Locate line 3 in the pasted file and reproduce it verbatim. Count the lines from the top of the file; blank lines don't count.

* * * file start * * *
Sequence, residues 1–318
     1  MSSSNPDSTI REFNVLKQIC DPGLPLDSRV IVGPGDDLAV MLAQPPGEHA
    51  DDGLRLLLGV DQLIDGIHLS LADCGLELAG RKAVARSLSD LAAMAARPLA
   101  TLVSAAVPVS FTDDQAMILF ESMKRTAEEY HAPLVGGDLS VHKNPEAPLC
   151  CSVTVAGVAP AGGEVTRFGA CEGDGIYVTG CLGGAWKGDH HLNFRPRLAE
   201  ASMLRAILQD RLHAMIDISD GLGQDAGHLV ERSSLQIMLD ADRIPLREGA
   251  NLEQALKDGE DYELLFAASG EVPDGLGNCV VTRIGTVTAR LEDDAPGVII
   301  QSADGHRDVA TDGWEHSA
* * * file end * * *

    51  DDGLRLLLGV DQLIDGIHLS LADCGLELAG RKAVARSLSD LAAMAARPLA